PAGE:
They found a woman who certified with the US Forest Service so she could guide us in the Monongahela. They lent her Keeper, an amazing Walkaloosa horse tough enough to lead our trek. Kelly carried a gasoline-powered chain saw on the back of Keeper’s saddle. We did pay Kelly for her services. What an adventure we had!

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The Monongahela National Forest surrounds Shalimar Farm. Riders can trek for miles on former logging roads.

Let me tell you about the wonderful cabins at Shalimar Farm. Mickey is a nest builder. Most newlyweds don’t have quarters as well furnished as Abbey House. Trackside doesn’t have a stove, but you can manage meals with a hot plate, microwave, coffee maker, etc. Blake would be a perfect romantic getaway destination. It has a full kitchen, canopied bed with beautiful hangings and bedspread. I wonder if Mickey sewed them? The two-person shower in Blake is natural stone!

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Pretty views from the Welsh cottage on Hickory Hill on the farm.

Is the rat race getting to you? Go to Shalimar to recharge your batteries. You can easily spend the better part of a week exploring the delightful West Virginia trails at this farm. Go to be with your horse and loved ones in a special way.

Your cell phone won’t work, but Abbey House has a phone and you are free to use it to be in touch with those you’ve left behind. Don’t bother to take any books. Each cabin has plenty of reading material.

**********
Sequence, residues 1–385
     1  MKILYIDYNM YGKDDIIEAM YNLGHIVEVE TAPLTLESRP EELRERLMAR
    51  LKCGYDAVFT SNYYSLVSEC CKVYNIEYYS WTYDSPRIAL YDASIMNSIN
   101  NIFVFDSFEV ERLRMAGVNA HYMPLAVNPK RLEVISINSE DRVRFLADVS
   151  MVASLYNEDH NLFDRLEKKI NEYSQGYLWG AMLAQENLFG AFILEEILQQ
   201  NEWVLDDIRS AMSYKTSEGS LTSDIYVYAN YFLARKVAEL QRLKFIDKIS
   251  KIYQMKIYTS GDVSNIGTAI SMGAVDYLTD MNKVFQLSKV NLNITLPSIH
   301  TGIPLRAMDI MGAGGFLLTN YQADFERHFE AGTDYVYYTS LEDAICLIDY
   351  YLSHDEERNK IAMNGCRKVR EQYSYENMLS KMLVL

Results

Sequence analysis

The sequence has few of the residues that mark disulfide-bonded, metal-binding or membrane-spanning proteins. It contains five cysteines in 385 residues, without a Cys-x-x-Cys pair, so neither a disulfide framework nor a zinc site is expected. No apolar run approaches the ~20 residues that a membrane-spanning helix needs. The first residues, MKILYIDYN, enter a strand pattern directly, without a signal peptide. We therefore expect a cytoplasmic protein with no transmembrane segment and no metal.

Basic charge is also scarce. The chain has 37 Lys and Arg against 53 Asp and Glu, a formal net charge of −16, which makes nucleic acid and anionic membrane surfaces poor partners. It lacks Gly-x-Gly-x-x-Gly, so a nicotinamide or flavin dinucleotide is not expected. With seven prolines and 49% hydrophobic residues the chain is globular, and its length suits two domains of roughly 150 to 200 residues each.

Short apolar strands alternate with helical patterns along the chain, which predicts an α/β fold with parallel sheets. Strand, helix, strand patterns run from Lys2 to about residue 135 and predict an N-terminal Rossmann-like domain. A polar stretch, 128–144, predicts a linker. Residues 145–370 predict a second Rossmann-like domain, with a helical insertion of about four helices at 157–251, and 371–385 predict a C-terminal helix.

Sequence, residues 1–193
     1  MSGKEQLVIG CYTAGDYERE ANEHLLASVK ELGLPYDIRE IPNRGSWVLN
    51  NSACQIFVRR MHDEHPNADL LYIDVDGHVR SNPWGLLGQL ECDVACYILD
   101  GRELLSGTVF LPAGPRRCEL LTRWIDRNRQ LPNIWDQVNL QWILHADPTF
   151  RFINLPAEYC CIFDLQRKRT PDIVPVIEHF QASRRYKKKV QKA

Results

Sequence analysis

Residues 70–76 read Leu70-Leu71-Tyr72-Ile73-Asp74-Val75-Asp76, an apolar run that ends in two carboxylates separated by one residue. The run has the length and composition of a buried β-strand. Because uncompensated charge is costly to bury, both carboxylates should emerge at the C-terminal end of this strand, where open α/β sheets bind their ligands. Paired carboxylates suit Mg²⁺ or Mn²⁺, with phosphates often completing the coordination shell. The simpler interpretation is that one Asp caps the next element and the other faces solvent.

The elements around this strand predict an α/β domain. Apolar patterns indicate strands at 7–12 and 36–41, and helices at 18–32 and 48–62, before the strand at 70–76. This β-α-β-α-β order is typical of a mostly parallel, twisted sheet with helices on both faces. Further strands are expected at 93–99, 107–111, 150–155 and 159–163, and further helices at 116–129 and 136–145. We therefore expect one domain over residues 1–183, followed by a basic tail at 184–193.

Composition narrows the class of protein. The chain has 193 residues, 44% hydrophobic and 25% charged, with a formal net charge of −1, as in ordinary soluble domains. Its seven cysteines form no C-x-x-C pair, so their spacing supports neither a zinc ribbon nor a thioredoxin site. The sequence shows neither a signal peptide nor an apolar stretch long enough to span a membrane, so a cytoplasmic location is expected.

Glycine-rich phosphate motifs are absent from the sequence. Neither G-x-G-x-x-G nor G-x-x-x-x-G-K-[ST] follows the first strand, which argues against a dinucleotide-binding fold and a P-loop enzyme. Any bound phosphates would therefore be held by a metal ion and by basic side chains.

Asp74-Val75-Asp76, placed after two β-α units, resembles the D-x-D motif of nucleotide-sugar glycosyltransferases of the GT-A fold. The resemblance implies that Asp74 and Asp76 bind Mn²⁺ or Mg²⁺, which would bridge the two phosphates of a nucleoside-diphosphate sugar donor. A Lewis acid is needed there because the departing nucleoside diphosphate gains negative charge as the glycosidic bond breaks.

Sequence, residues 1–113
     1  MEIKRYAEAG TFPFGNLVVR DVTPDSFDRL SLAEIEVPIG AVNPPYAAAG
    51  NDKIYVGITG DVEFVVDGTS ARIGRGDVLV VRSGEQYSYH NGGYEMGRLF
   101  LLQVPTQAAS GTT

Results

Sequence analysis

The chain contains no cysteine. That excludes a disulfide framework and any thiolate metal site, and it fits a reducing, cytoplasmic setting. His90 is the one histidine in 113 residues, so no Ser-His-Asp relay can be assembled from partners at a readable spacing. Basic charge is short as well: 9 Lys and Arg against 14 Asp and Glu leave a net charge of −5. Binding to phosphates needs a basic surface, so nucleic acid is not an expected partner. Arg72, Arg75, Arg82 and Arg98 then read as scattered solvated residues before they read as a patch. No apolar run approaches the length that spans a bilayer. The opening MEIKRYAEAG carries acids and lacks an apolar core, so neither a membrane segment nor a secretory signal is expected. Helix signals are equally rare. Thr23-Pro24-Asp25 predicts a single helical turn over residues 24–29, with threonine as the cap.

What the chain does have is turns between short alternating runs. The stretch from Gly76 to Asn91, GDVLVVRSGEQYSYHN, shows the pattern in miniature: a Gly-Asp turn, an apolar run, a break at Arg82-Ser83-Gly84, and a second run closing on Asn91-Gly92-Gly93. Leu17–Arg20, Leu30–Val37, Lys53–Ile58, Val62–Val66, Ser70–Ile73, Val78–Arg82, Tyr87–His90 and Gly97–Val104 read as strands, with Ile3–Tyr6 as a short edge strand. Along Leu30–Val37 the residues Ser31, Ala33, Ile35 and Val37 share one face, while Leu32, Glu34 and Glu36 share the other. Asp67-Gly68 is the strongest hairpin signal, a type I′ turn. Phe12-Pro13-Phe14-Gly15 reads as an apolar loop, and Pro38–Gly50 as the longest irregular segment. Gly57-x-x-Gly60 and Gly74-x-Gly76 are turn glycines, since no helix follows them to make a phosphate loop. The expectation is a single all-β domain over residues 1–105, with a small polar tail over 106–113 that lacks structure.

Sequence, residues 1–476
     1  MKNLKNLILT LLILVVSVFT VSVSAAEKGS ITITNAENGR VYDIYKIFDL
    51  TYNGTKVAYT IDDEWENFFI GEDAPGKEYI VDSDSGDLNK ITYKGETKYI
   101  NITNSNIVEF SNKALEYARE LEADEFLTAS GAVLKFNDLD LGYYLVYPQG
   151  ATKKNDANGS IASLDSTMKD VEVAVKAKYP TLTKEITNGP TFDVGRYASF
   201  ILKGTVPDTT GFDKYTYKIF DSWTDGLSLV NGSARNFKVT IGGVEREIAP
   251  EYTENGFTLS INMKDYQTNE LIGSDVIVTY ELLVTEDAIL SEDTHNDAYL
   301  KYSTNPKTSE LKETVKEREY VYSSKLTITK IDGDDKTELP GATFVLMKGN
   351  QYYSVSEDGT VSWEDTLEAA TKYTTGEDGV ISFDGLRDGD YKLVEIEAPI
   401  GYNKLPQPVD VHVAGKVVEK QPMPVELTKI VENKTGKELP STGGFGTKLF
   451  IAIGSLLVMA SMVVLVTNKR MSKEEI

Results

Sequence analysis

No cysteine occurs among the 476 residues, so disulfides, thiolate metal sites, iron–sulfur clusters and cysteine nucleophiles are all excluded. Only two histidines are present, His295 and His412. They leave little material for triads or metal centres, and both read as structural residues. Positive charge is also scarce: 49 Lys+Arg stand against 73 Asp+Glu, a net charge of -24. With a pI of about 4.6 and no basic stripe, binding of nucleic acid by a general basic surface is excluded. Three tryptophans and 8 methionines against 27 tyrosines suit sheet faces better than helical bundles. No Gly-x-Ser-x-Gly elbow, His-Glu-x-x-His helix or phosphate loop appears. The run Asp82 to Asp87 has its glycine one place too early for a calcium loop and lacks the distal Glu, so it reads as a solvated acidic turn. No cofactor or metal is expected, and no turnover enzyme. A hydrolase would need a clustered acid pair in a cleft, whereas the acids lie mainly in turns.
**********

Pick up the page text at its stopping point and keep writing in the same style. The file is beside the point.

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Shalimar Farm is located in the highest county in West Virginia, Pocahontas County.

Shalimar's terrain is challenging enough for the “average” rider to have day after day of three-hour rides! The Cass Scenic Railroad State Park runs through Shalimar. The National Radio Astronomy Observatory is a short drive and has a visitor center to tour. Snowshoe Mountain Resort has year round programs with fine dining, golf, swimming, and more.

Who should go to Shalimar and ride this part of West Virginia? It is designed to serve people with horses. Birdwatchers would also love it. Hikers would be in heaven. It would be a great place to share a reunion with siblings or college roommates. It is a great place. Go!

How you can go: Learn more about bringing your horse to ride in West Virginia at Shalimar Farm, located approximately 225 miles from Pittsburgh, 230 miles from Washington, DC, 170 miles from Charleston, West Virginia and 200 miles from Richmond, Virginia.

Learn more about horseback riding the Greenbrier River Trail, a 78-mile long rail trail operated by West Virginia State Park system which is closed to motorized traffic.

Learn more about riding the Monongahela National Forest, where stock users are encouraged to practice "Leave No Trace" backcountry techniques.


About the author: Mary Everhart is Chairman of the Delaware Equine Council Trails Committee and sits on other councils as an open space and horseback riding advocate. She grew up in Pennsylvania near the Brandywine Valley. She enjoys planning horse vacations with friends. She has completed rides in Maine, New Hampshire, New York, Pennsylvania, Ohio, Virginia, West Virginia, and North and South Carolina trailering her own horses. Email Mary for advice about riding in Delaware.